presented a petition from the corporation of the conservators of the Bedford Level, stating their distressed state, and praying for an alteration in the corn laws. It was rather too much for gentlemen who took the opposite side of the question, to say that they expressed the sentiments of the people. That they expressed the sentiments of a part, he was willing to admit. How easy was it to get petitions signed in great towns like London? The agriculturists had not the same opportunities of coming forward as the inhabitants of great towns. The sense of the people was much divided on this question, and it was therefore a proper subject for the decision of parliament. If the agriculturists could be collected together to petition, the difference in number would not be great. The petitioners had redeemed between 3 and 400,000 acres of land from the water, under the guarantee of parliament, and they now claimed its protection.

Mr. Baring

said, it seemed to be held out by those who favoured the present Bill, that the agriculturists were all on its side. Now, he would maintain, for he had had communications from various respectable quarters on the subject, that the tenantry and labourers in general felt no interest whatever in the price at which the protecting duty should be fixed—[Hear, hear!].—He would repeat it, that the labourers in agriculture, and even the tenantry, had no interest in the present question. He believed the prevailing sentiment among the tenantry was, that this was the landlord's affair, and not theirs, for they could only pay to the landlord what they could afford after defraying their other expenses. But to talk of the labourer was altogether ridiculous. Whether wheat was 120 or 80s. the quarter, he could only expect dry bread in the one case, and dry bread in the other; and they therefore had no interest whatever in it. With respect to petitions from the Fens, he could not but express his opinion, that if any persons were more entitled than others to the thanks of their country, it was those who made land productive but there happened to be evidence as to these fens in the report before the House. That evidence was decidedly against 80s.; and therefore, if the persons best acquainted with land of that description did not consider 80s. as a necessary price for the protection of the petitioners, he considered it conclusive on the subject.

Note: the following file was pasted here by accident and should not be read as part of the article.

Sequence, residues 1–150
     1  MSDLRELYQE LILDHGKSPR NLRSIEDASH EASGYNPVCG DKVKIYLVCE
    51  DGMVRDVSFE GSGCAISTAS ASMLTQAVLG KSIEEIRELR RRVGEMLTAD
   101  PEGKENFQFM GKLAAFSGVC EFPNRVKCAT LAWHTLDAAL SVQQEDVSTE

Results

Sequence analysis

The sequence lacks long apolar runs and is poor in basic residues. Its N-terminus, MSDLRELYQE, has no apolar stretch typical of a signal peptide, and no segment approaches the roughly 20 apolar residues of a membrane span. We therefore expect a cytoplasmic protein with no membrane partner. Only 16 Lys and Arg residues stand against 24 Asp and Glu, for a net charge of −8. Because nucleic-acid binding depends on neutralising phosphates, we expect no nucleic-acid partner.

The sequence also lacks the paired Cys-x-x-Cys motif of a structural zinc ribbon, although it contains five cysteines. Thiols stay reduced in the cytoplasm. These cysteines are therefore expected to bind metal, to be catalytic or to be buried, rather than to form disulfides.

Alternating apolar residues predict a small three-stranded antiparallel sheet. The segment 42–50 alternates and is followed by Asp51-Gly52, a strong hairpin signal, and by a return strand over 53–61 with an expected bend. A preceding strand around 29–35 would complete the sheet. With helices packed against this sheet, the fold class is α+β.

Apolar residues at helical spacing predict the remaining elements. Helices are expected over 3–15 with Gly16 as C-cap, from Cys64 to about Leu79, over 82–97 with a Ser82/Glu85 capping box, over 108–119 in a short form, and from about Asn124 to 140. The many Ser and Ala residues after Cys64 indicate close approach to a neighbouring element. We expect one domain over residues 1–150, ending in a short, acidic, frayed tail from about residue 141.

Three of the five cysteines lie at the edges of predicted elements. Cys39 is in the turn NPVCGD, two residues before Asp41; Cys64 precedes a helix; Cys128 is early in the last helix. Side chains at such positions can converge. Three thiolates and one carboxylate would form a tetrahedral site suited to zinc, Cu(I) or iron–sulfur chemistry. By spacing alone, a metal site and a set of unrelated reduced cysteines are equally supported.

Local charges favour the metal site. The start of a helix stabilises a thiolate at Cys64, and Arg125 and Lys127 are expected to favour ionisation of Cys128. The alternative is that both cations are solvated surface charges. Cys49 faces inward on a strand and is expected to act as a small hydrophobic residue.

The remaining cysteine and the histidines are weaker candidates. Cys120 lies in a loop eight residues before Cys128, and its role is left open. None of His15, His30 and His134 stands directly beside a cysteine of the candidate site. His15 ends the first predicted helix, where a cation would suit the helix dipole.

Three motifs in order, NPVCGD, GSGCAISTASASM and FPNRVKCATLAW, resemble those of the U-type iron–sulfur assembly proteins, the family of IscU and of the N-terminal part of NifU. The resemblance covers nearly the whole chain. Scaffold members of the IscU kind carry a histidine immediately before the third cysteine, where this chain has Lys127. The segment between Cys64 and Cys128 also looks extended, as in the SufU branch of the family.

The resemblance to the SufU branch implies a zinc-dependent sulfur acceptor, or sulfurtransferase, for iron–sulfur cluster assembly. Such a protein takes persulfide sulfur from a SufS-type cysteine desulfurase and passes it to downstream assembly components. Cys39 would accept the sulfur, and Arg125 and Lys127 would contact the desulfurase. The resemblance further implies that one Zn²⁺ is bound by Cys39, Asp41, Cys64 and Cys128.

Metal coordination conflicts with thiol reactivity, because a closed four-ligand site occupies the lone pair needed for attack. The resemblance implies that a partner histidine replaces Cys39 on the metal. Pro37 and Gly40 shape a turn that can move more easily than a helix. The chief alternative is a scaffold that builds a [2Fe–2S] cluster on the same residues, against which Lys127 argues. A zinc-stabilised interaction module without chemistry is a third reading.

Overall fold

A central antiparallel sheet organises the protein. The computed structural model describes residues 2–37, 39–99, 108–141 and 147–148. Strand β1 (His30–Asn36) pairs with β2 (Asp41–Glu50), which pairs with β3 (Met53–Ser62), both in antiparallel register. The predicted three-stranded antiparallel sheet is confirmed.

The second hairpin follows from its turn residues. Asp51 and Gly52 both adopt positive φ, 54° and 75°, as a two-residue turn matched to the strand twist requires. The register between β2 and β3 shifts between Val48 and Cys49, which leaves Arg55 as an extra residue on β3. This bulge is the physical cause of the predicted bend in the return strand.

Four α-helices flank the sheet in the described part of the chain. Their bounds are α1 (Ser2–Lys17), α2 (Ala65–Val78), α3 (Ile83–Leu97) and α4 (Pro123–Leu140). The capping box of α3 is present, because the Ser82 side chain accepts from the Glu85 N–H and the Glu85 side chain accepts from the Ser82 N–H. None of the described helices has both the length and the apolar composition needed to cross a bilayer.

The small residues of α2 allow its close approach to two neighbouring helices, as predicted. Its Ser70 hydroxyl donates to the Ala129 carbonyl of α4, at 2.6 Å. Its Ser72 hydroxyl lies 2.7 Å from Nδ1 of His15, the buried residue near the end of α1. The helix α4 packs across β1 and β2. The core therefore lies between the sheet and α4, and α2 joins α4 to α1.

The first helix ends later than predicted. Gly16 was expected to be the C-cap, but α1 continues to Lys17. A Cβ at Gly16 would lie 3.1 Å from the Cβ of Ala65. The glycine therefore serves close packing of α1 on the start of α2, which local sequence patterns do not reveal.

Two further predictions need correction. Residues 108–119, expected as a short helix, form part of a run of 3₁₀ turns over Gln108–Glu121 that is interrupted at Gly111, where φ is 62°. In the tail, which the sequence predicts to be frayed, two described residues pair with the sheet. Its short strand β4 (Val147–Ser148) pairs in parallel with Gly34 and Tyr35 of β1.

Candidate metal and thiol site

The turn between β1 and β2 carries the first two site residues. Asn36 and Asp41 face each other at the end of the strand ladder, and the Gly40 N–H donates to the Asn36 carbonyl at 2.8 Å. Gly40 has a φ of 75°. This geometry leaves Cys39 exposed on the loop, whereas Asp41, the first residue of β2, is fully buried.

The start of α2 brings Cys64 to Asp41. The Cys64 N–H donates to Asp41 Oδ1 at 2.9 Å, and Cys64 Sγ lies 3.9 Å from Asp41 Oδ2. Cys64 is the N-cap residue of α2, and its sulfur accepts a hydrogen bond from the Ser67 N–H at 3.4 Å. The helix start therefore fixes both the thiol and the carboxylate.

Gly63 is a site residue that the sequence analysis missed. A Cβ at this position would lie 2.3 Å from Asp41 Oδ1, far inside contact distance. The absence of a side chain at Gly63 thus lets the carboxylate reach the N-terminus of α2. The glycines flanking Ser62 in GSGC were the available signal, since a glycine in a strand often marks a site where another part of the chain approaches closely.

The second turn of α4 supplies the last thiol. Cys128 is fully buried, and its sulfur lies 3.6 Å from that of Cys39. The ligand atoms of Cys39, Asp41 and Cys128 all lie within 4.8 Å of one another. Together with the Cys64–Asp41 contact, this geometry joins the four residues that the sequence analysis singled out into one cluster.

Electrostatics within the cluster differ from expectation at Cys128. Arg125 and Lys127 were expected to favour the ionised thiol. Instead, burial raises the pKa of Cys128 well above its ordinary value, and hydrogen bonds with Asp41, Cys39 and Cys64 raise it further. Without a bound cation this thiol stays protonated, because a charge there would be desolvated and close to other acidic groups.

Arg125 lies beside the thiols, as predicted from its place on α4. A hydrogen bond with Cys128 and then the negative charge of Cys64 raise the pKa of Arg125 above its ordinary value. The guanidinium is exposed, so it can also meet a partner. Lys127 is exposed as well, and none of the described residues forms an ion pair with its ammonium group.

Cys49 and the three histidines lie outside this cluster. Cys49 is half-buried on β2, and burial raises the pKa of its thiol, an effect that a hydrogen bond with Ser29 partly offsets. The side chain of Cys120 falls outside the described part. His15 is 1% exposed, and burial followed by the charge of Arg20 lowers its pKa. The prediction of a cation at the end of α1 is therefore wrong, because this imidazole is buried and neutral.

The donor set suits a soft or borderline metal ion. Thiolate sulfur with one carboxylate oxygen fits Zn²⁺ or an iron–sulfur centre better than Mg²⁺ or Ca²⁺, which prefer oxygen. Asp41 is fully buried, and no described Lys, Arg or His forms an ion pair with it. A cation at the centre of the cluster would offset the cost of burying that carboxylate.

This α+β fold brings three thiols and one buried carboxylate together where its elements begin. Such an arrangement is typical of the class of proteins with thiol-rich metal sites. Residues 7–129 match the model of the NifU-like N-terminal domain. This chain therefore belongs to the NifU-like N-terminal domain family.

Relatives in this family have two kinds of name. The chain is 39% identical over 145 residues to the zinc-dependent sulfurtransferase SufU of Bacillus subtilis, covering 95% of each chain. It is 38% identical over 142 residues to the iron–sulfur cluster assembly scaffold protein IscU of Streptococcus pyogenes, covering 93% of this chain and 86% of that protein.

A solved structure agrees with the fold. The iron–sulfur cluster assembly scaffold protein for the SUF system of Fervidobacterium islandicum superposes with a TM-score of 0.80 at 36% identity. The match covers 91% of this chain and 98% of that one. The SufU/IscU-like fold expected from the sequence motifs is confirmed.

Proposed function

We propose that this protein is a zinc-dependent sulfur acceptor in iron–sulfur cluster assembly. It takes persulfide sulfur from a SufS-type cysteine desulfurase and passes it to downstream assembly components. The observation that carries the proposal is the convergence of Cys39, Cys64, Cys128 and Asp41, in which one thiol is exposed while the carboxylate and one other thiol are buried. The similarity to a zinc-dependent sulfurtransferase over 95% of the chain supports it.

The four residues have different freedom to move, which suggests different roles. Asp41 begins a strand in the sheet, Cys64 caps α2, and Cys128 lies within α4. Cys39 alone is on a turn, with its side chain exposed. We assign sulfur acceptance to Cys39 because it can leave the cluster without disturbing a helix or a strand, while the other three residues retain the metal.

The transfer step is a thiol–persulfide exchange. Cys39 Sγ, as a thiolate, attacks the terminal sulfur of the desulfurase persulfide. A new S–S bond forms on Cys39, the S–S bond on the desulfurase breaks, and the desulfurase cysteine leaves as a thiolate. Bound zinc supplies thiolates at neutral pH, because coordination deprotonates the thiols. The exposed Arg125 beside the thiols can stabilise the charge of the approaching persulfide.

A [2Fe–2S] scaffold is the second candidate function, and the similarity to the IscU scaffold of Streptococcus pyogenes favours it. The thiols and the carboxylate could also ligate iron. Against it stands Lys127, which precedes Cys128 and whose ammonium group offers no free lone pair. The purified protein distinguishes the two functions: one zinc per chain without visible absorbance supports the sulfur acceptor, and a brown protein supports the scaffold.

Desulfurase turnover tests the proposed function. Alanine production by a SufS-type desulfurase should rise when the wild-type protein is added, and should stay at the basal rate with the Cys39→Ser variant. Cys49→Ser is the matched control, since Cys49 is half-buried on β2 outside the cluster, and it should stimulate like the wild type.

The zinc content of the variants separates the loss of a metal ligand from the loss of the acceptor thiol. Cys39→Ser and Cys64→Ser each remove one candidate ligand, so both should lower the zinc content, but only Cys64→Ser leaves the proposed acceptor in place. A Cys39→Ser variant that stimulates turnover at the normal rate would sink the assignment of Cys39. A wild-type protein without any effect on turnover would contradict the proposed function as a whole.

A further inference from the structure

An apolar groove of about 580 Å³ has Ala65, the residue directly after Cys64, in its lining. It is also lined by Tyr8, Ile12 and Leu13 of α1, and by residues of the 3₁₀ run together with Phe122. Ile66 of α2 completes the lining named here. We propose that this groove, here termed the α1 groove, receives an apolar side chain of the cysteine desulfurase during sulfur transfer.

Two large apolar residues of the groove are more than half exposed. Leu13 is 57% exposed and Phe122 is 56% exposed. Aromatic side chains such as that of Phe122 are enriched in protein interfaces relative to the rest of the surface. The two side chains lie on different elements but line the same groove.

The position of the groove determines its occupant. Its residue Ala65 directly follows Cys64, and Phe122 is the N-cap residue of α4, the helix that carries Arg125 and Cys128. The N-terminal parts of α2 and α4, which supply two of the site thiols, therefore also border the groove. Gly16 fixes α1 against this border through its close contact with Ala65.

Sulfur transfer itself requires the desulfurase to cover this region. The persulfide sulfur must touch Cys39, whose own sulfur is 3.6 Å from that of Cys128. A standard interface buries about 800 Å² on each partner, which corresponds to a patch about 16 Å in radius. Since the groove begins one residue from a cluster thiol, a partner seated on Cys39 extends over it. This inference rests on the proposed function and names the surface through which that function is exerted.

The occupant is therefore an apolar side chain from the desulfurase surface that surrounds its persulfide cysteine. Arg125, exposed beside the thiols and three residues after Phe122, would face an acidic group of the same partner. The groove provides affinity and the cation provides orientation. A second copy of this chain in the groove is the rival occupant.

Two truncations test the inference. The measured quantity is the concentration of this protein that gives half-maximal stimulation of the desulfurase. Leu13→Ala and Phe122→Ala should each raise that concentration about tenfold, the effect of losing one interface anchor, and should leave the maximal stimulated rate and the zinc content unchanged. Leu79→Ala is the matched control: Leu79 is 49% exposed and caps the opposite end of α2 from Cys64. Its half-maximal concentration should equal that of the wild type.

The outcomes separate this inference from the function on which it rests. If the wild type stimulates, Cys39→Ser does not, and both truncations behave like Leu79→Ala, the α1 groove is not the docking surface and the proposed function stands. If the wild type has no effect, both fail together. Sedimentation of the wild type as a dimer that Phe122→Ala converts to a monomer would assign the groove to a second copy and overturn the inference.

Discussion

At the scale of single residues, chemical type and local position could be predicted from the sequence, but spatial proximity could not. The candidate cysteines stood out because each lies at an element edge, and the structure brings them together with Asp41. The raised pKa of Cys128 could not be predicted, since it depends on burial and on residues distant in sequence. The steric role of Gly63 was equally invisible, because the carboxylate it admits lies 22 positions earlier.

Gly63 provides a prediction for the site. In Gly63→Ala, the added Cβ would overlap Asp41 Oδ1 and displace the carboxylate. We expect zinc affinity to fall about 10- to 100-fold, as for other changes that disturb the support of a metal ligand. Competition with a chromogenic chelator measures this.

Mr. Methuen

begged to assure the House, that the petitions he had presented that day were not signed by manufacturers alone, but that they contained the names of many land-owners, who were convinced of the injurious tendency of the measure.

Mr. Home Summer

presented a petition from the inhabitants of Croydon against the Bill, and observed, that as he had already brought up one from the same place of a different tendency, he could not but regret that while he performed his duty, he should have to differ in his opinion from any portion of his constituents.

Mr. Calcraft

presented a petition from the inhabitants of Rochester, signed by 8,700 names. The hon. gentleman declared he fully concurred in the prayer of the petition, and hoped the House would even now find it necessary to pause in their precipitancy.

Mr. M. A. Taylor

presented a petition against the Bill from Poole, which, he said, was numerously signed; not by manufacturers, for there were no persons of this description in the town, but by merchants and others, many of whom were considerable landholders. Me trusted, that if the House should agree to the Bill, the people would sit down quietly under it; but, for his own part, he would give it his utmost opposition.—The same hon. member gave notice of a motion relative to Wills; and also of another, for a Bill to abolish the punishment of the Pillory.